Recently I bought a new macro lens for my camera. The lens is a Laowa V-DX 60MM F2.8 Macro 2:1. Now I know I already have a macro lens but if I am ever going to take my coin photography on the road, I will need a much more versatile lens.
For versatility this lens is it. I can focus in as close as 18.5cm and as far as infinity. At 18.5cm I have 2-1 magnification. The only drawbacks are that I have to focus manually and set the aperture manually. No big deal on those since I already do that. The big plus is that one lens will do a 15mm gold dollar and a 131mm medal from my camera stand.
As with any new toy of this nature there is a learning curve to get the pictures just right. This gave me an opportunity to upgrade many of my poorer quality pictures. Looking through my collection I decided to re-image the first coin I ever bought, an 1881-S proof-like Morgan Dollar. I bought this coin as a teen and still own it today as a 60-something retiree.
Oh the memories! I bought the Morgan for only $12 along with a gold-plated Ike dollar, A 1953c star crisp-uncirculated $2 bill, and a number of replica fractional California gold pieces. Of these I still own the $2 and probably the others but I can’t find them.
What was really cool about this coin purchase was that I didn’t buy the coins from a dealer but from a camera store! I have always loved photography and in high school we had a fully equipped dark room that I could use. For me to be in one place that had both photography supplies and coins was tantamount to a kid in a candy store!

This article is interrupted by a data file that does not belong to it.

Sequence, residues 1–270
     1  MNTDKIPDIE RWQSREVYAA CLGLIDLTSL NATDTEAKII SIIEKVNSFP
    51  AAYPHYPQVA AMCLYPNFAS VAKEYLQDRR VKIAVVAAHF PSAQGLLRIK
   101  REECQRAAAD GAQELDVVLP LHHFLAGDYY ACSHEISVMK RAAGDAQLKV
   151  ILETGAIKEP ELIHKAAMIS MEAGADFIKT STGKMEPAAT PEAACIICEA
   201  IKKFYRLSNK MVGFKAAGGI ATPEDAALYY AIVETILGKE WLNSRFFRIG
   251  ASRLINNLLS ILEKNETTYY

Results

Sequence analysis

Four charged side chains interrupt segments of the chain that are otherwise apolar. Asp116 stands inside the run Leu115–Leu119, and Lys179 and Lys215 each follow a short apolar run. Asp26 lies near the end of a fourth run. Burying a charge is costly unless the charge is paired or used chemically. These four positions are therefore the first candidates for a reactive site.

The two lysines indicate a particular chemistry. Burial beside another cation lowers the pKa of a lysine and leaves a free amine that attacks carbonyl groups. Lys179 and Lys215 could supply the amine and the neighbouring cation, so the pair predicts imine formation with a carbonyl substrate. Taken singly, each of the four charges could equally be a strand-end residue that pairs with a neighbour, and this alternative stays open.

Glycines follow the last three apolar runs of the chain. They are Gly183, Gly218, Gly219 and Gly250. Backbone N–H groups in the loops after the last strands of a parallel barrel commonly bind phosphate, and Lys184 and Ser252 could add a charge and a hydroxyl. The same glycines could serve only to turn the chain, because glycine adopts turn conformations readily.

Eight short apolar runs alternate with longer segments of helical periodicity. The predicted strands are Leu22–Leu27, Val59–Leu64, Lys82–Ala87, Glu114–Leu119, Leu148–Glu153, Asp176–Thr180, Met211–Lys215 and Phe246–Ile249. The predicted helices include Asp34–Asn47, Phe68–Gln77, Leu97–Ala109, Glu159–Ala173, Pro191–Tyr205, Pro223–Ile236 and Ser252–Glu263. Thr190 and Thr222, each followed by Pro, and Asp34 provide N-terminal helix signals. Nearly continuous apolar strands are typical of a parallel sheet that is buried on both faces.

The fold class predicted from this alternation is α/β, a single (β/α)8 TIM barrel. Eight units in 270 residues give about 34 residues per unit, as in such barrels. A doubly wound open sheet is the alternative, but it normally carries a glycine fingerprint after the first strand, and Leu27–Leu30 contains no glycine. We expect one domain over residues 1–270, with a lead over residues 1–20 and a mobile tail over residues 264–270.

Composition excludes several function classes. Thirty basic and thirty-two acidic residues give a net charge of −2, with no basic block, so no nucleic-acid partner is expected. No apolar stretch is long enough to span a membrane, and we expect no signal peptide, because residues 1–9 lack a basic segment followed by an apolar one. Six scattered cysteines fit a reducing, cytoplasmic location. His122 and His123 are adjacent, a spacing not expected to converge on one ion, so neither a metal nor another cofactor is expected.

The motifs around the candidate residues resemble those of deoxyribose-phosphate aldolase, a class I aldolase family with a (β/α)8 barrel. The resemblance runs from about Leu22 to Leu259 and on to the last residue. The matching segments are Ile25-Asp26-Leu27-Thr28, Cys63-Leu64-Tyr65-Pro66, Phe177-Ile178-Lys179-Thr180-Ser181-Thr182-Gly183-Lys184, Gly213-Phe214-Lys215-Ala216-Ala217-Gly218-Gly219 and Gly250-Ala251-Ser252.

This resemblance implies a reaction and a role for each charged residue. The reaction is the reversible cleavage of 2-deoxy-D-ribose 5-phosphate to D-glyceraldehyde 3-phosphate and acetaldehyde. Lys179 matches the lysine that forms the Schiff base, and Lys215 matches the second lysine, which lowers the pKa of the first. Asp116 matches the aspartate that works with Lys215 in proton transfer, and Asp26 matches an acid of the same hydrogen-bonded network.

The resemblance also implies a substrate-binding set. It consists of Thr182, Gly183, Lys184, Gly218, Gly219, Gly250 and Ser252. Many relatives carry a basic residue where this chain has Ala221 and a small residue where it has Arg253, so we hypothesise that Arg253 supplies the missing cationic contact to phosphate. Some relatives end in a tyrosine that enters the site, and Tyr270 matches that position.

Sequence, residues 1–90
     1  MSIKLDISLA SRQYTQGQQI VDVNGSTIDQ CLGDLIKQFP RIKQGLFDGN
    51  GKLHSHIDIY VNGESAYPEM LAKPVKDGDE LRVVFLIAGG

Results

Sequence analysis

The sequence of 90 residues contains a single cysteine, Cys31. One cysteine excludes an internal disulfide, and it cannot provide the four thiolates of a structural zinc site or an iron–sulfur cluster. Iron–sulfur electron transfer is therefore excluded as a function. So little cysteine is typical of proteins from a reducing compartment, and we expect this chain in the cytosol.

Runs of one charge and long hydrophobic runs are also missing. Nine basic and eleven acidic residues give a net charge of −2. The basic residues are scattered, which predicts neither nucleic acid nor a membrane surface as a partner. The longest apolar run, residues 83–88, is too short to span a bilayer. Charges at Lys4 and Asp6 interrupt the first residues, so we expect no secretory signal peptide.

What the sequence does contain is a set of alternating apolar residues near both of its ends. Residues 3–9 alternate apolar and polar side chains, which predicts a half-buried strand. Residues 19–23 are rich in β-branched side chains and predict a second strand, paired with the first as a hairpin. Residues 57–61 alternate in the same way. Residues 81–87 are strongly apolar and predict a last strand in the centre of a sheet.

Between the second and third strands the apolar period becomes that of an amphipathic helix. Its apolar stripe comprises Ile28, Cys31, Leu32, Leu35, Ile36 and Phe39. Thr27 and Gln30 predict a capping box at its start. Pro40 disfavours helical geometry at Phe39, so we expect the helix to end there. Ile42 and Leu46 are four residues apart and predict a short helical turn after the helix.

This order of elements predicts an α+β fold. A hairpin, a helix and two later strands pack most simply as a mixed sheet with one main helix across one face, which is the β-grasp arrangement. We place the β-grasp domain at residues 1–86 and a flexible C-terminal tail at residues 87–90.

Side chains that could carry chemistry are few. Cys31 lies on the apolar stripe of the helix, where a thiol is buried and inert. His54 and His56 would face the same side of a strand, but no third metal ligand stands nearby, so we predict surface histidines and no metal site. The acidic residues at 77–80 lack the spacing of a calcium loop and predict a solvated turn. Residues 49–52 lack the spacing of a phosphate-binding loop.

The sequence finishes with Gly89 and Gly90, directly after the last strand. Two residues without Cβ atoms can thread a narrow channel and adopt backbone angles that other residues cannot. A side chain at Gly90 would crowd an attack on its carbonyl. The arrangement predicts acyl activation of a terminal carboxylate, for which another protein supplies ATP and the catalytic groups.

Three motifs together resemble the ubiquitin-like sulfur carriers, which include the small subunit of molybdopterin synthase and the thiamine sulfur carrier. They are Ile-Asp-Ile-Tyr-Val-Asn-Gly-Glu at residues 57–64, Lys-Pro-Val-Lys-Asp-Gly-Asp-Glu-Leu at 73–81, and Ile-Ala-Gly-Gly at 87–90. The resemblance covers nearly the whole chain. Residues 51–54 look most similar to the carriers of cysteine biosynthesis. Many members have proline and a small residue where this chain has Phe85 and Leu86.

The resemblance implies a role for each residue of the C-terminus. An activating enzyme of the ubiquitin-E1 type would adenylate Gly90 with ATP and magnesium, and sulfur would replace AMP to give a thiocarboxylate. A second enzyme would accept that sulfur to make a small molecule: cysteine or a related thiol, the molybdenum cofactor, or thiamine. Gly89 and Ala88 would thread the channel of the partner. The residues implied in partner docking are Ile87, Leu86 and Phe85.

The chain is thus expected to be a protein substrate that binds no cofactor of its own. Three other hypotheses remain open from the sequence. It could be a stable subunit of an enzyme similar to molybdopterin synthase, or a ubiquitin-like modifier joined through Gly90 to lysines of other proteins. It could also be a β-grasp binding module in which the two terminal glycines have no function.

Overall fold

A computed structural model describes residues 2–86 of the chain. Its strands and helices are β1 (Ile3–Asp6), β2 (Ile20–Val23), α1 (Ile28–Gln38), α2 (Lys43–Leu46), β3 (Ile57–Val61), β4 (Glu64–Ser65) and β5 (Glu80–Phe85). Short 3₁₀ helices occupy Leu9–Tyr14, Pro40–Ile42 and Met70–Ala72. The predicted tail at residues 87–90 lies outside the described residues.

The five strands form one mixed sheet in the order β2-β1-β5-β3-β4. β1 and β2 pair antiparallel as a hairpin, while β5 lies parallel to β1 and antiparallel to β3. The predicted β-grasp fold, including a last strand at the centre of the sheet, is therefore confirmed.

That this Morgan Dollar only cost me 6 hours of “busting suds” for a restaurant at $2/hour was incredible. I just couldn’t believe it cost so little for a proof-like coin that was silver and nearly 100 years old. Oh the naivety of youth. Little did I know then that 81-S Morgan’s are quite common and inexpensive to obtain. However, at the time I thought I pulled off the coin purchasing coup of the century!
I have never regretted buying that coin and I’ll probably die owning it. Some time back I sent it to PCGS for grading and they sent it back as cleaned without putting it in a holder. Back then they didn’t do details-grading. On the obverse of my coin you will notice cleaning hairlines under the “us” of Pluribus. Oddly, I didn’t notice the cleaning until PCGS pointed it out. This was only the beginning of my education identifying coin cleaning BEFORE sending them in for grading.
Later I sent my 81-S Morgan to a company call NTC (Numistrust Corp.) for grading. They didn’t document the cleaning and sent it back as MS-63 DMPL. I agree with this grade and have never cracked it out and probably never will. Over the years my 1881-S has lightly toned. Incidentally, since then I only send coins to NGC for grading and will buy only PCGS and NGC certified coins.
At any rate thanks for taking a walk with me down memory lane! For your viewing pleasure please enjoy a picture of the first coin I ever bought taken with my new toy! Also, for your viewing pleasure is a close-up of an 1880/79-CC VAM-7 Morgan dollar. As you can see my new toy will do nicely. Gary